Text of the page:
While nearly the same length (191 inches) as the model it replaces, the new S80 is slightly taller and wider and rides on a longer wheelbase with a wider track. Its gently rounded shape conforms to Volvo's recent design themes and builds so much on the heritage of the first-generation S80 that some might complain it is too similar. Only when the two cars sit side-by-side does one realize how different the new-generation model is. The most distinctive exterior elements are a rounded rectangular blackout grille under a more pedestrian-friendly domed, V-shaped hood and a broad shoulder line beginning between the grille and headlamps and extending full-length along the hood, beltline and flanks to define the taillamps' outer edges.Notable Standard Equipment
As part of its "Scandinavian Luxury" theme, the standard six-cylinder S80 features premium leather and wood trim, power front seats, a power moonroof, front fog lamps, 17-inch alloy wheels, a programmable HomeLink transmitter, 160-watt eight-speaker audio with CD, AUX input and MP3 capability. Additional standard safety features include Dynamic Stability Traction Control (DSTC), Volvo's WHIPS whiplash mitigation system and new Side Impact Protection System (SIPS) side air bags with separate chambers to help protect front occupants' chests and hips. The V8 model adds standard all-wheel drive, aggressive-sounding dual exhausts, an Interior Air Quality System (IAQS) and more.Notable Optional Equipment
Three option packages are available: A Climate Package (heated front seats, heated windshield washer nozzles, rain-sensing wipers and high-pressure headlamp cleaners), an Audio Package (650-watt 12-speaker Dolby Surround Sound with Sirius Satellite Radio) and a Sport Package ("Four-C" Continuously Controlled Chassis Concept, speed-sensitive steering, 18-inch performance tires and wheels, ventilated front seats and active bi-xenon headlamps that swivel up to 15 degrees with the steering). Notable stand-alone options include DVD navigation, dual-screen rear DVD entertainment, adaptive cruise control (with collision warning and brake support), front and rear park assist, run-flat tires and Blind Spot Information System (BLIS.) The world-first Personal Car Communicator (PCC) includes Keyless Drive, and it can tell from a distance whether someone is lurking in the car via a heartbeat sensor.Under the Hood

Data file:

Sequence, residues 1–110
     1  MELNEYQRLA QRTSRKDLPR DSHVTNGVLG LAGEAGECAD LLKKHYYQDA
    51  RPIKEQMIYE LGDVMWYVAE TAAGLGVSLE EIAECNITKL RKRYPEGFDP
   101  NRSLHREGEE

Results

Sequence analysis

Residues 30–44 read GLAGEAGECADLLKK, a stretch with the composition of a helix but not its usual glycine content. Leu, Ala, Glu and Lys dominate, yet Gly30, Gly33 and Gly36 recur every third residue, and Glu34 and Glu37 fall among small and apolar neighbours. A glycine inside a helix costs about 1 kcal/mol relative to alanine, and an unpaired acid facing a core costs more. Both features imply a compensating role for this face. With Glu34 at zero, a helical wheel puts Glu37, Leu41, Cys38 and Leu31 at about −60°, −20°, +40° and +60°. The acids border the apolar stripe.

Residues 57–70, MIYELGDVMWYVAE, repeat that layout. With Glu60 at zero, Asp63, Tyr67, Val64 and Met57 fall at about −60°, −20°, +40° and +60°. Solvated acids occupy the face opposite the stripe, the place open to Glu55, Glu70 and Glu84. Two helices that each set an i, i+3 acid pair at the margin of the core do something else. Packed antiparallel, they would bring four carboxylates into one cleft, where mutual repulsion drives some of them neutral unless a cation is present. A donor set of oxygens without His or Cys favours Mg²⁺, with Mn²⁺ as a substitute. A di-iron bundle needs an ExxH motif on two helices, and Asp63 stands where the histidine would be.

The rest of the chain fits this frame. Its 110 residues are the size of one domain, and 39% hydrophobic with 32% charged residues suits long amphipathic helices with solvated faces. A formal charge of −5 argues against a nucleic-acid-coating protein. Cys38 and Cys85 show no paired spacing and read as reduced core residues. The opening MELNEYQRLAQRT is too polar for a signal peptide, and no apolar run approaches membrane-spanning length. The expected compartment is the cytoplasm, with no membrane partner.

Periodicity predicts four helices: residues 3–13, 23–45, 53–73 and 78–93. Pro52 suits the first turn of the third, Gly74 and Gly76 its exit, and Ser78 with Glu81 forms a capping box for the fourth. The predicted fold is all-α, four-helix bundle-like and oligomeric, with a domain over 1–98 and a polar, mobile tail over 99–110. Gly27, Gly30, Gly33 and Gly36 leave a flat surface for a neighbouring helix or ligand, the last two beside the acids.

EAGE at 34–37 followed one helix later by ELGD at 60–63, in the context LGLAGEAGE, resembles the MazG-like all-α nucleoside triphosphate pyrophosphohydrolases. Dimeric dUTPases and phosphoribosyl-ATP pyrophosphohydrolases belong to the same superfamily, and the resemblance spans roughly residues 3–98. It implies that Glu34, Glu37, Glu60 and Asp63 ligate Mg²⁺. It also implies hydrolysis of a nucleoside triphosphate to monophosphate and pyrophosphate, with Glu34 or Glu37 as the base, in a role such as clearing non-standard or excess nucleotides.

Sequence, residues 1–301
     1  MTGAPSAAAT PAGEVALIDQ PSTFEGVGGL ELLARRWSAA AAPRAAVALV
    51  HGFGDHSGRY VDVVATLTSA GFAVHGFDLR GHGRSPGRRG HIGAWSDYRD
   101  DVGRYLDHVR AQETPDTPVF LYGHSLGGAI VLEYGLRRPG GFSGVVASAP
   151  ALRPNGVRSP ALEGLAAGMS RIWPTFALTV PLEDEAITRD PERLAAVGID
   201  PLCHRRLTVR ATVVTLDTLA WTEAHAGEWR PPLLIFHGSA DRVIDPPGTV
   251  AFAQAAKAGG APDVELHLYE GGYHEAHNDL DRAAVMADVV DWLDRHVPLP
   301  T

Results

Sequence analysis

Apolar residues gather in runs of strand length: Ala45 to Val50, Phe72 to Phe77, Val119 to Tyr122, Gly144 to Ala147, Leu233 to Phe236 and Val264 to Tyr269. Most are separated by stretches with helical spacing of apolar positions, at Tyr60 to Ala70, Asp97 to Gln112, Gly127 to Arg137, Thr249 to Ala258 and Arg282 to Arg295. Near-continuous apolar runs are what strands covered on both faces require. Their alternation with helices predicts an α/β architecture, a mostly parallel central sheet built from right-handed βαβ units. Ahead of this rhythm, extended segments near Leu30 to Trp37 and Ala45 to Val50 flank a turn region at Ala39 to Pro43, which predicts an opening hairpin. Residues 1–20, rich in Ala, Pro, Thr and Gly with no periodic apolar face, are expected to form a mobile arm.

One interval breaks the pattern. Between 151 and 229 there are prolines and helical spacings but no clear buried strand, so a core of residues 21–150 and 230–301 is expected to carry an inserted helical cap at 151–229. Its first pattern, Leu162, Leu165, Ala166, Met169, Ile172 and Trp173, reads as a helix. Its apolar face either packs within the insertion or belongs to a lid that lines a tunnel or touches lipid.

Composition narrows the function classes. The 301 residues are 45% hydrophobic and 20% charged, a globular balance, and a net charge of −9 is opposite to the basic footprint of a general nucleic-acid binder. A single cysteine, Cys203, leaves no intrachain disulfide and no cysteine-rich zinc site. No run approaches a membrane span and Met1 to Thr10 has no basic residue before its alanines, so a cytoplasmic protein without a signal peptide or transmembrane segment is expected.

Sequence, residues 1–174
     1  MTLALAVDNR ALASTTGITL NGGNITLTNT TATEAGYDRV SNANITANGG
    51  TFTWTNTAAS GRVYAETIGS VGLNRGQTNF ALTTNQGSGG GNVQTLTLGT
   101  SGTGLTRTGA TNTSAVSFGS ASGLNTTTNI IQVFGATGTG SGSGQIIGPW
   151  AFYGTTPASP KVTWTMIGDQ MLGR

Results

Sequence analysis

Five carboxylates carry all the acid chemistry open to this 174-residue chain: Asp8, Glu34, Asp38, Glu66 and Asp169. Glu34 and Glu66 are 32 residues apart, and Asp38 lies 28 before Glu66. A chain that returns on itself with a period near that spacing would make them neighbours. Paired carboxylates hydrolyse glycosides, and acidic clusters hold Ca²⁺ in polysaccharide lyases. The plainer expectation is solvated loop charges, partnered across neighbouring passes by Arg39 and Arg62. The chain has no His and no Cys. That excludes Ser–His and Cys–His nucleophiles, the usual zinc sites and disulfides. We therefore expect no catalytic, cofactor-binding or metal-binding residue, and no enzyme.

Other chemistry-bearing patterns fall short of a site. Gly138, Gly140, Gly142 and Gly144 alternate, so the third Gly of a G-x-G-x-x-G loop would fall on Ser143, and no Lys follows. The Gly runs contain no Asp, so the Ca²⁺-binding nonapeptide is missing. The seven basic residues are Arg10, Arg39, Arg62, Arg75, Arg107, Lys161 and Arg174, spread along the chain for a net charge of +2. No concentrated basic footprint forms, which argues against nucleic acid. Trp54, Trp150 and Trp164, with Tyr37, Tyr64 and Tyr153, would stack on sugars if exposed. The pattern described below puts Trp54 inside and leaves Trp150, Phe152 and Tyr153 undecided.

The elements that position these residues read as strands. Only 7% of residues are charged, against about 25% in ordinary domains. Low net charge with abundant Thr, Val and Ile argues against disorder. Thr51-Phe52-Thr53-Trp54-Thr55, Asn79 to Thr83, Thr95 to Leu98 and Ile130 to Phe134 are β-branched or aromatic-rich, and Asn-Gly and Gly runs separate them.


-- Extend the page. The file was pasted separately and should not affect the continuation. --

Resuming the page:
The S80 is not only the first Volvo sedan powered by the company's new 235-horsepower 3.2-liter in-line six (replacing the previous in-line five), it is also the first offering the optional 311-horsepower 4.4-liter V8 that debuted in the 2006 XC90 SUV. Both are compact, relatively lightweight, transverse-mounted engines featuring double overhead camshafts and four valves per cylinder, and both drive through a new six-speed "Geartronic" automatic transmission with manual shift control.
3.2-liter in-line 6
235 horsepower @ 6200 rpm
236 lb.-ft. of torque @ 3200 rpm
EPA city/highway fuel economy: 19/28 (FWD)
311 horsepower @ 5950 rpm
325 lb.-ft. of torque @ 3950 rpm
EPA city/highway fuel economy: 17/25 (AWD)
The 2007 six-cylinder front-drive S80 starts at a Manufacturer's Suggested Retail Price (MSRP) of $39,400. The all-wheel-drive V8 model lists for $48,045. That positions it roughly $4,000 over the aging turbo four-cylinder Saab 9-5, about $4,000 under the (rear-drive) BMW 525i and $3,000 under the Audi A6, which may be its closest competitor. While Volvo expects the resale value of the new S80 to improve upon that of the previous model, its projected five-year residual value is 28 percent versus 33, 36 and 43 percent for the Saab, Audi and BMW, respectively. Our test car's Sport Package added $2,495, the Premium Sound Package $1,550, the Climate Package $725, Adaptive Cruise Control $1,495, the BLIS $595 and the PCC $495. Be sure to check Fair Purchase Prices to see what buyers are actually paying in your area.